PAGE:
Thursday, June 9, 2011

Church architecture and catholic unity

The renowned iconographer Leonid Ouspensky points out a noteworthy and apparently important aspect of Orthodox church design and its chief aim:
"In an Orthodox church, all efforts are aimed not at creating a place that calls for 'solitary meditation, a turning inward, a prolonged private conversation with one's own secrets' —but at including man in the catholic unity of the Church so that in its entirety, earthly and heavenly, it may acknowledge and praise God "with one mouth and one heart." - from Theology of the Icon, Volume II
So we see here Ouspensky notes that the main focus of Orthodox church architectural design is for the purposes of the Liturgy, the common worship of the people. (Perhaps from this stems the typical absence of the confessionals and the private devotional chapels featured within the church structures of Roman Catholic and Anglican traditions?) This focus on the common experience, or better put, the catholic unity, is something I have noticed in the worship of the Divine Liturgy.

Thursday, April 21, 2011

Religion of the Book?

Some more thoughts on Sola Scriptura, and the notion of "the religion of the book."

"Christianity is not, properly speaking, a 'religion of the Book': it is a religion of the word (Parole)—but not uniquely nor principally of the word in written form. It is a religion of the Word (Verbe)—'not of a word, written and mute, but of a Word living and incarnate' (to quote St. Bernard). The Word of God is here and now, amongst us, 'which we have looked upon, and our hands have handled': the Word 'living and active', unique and personal, uniting and crystallizing all the words which bear it witness. Christianity is not 'the biblical religion': it is the religion of Jesus Christ." - Henry de Lubac.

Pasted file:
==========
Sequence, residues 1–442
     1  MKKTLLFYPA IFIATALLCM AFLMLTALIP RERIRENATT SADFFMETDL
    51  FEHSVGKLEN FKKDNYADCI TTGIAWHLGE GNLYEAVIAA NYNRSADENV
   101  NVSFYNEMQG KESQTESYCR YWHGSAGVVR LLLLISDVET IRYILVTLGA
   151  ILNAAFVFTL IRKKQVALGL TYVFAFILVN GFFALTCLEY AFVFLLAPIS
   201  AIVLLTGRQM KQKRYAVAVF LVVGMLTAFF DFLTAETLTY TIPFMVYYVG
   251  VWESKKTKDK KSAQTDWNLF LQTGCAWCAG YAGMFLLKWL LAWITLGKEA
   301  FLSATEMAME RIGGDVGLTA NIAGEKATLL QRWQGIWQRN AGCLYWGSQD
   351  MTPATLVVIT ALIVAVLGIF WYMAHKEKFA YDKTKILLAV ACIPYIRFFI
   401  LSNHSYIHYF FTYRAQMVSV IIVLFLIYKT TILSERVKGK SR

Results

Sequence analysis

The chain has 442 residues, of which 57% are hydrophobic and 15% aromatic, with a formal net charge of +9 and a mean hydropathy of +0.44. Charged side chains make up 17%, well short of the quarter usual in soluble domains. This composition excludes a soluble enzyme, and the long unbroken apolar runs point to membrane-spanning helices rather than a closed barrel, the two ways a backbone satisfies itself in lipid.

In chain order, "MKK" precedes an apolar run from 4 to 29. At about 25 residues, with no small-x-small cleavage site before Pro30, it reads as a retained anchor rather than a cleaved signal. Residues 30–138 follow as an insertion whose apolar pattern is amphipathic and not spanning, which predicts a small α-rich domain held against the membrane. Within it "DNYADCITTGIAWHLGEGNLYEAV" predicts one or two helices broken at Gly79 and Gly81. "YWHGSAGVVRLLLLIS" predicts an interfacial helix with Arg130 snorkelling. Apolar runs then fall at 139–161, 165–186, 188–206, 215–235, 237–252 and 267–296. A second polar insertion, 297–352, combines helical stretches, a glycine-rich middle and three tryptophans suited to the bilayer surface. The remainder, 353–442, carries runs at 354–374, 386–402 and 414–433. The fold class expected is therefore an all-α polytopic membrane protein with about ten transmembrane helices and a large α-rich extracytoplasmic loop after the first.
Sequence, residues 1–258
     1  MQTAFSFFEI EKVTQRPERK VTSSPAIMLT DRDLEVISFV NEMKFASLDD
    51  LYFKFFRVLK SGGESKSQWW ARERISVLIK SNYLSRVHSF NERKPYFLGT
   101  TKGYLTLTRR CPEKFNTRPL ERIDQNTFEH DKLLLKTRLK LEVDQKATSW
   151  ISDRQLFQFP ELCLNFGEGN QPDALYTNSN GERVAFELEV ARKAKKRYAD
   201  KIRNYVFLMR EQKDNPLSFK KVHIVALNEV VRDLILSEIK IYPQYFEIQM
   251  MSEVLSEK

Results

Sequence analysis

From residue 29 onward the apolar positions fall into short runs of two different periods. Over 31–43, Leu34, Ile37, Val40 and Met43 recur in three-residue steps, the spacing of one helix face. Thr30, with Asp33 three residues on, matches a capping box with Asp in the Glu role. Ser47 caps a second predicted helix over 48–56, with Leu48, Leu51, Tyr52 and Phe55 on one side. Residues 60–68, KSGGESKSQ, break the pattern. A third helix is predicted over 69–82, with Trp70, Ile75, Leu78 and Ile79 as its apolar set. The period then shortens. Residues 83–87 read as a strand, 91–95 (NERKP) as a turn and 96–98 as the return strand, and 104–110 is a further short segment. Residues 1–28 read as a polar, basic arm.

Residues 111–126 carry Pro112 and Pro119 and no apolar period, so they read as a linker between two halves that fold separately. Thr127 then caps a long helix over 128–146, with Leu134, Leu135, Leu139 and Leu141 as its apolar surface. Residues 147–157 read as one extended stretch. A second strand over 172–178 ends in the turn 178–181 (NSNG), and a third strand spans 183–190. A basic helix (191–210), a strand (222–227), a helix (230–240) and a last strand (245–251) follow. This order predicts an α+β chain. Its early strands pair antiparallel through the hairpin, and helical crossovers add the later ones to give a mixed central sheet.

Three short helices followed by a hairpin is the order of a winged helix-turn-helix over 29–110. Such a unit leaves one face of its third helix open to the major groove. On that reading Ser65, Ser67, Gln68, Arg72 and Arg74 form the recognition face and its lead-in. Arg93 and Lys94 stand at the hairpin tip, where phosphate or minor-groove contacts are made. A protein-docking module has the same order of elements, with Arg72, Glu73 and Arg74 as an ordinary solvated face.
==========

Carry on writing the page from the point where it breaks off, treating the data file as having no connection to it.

Wednesday, April 20, 2011

Contra "Biblical Religion"

"the heart of Christianity is the mystery of Christ, and the Scriptures are important as they unfold to us that mystery, and not in and for themselves." - Andrew Louth

Louth here is not arguing that we should throw away our bibles, but rather that the interpretive principle of Sola Scriptura goes against tradition. From "Discerning the Mystery, an Essay on the Nature of Theology." The chapter on the "Recovery of Allegory" alone is worth the whole book.

One may be indifferent to the concept of Christianity as a Biblical Religion, or dismiss this as the obsession of ivory tower theologians (like, "who cares?"), however it is more important as it may at first appear. For classic Christianity the Scriptures are not the final arbiter, the all in all that interprets itself, the yardstick by which all else is measured. It is rather a treasury, understood and used within the community of believers, within a larger consensus of interpretation. Understood to stand on its own, interpreting itself, a la Sola Scriptura, it pushes aside the interpretation of the Fathers to favor an Enlightenment approach to truth, namely that truth can be found and understood independently from tradition. Christianity thus unanchored from the consensus patrum becomes something different altogether, its claims of being "biblical" notwithstanding.

Friday, March 11, 2011

The Miracle of Divine/Human Cooperation and the Miracle of Icons.

Here's an image, a "visible" of human participation in the Divine, of cooperation, of union. But there is more than we can see in this image, there is the reality it points us towards, the "invisible".